A few hours after NBA star Kobe Bryant had sex with an hotel worker last summer, the woman exchanged sms with two other people and accused him of rape. Those messages could help determine whether the sex was consensual or not.
Text messages are increasingly used as evidence in court. In Oregon, they played a role to convict a man who had killed his wife and sent her e-mail and text messages to terrorize her. In Georgia, a 17-year-old boy was arrested for investigation of solicitation of sodomy after a 12-year-old girl’s parents complained of sexually explicit messages she had received.
In Europe and Asia, SMS have played a prominent part in some criminal cases.
In Sweden, SMS contributed to prove that a nanny influenced by a pastor of a religious sect murdered his wife and a neighbour with whom she was alleged to be having an affair. And police in Japan are examining e-mail and text messages to determine whether a 12-year-old girl was killed by a classmate.
While some European countries require telecoms to store text-messaging content and other communications for law enforcement purposes no such requirement exists in the United States.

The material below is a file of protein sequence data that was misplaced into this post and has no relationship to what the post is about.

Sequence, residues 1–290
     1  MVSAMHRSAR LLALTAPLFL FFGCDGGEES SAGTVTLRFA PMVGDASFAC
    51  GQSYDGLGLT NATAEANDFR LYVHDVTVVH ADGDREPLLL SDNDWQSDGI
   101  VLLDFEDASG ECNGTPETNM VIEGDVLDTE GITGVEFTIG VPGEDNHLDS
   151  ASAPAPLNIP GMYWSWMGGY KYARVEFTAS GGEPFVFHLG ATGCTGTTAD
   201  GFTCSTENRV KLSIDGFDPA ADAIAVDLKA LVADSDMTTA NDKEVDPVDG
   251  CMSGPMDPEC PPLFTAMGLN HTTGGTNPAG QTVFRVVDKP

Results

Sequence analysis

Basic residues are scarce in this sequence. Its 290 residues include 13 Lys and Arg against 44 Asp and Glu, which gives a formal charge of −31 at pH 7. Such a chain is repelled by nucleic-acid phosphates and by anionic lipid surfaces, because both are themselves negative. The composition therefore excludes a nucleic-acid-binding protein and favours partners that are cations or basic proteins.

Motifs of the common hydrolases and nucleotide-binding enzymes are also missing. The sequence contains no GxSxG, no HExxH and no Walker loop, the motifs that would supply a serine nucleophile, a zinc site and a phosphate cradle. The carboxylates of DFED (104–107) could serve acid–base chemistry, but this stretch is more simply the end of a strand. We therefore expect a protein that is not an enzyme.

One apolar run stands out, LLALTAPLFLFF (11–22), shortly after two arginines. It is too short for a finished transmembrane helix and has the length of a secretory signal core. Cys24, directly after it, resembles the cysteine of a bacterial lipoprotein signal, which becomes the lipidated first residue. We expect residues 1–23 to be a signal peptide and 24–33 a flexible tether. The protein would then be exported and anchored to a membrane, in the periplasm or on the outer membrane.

The woman’s mobile phone company, AT&T Wireless states that messages not immediately delivered are held for 72 hours for more delivery attempts — then deleted. How messages in the Bryant case would be available four months later isn’t known; they were probably retrieved from an archival storage system.
Apparently, information about text messages — including the sender, recipient and location of sender — is kept for billing purposes. The software used to store that information also can store content.
“I think in these days of corporate fraud and in these days of terrorism we’re seeing more and more reason to store forever,” said Jeff Kagan, an independent telecommunications analyst. “Don’t ever say anything on e-mail or text messaging that you don’t want to come back and bite you.”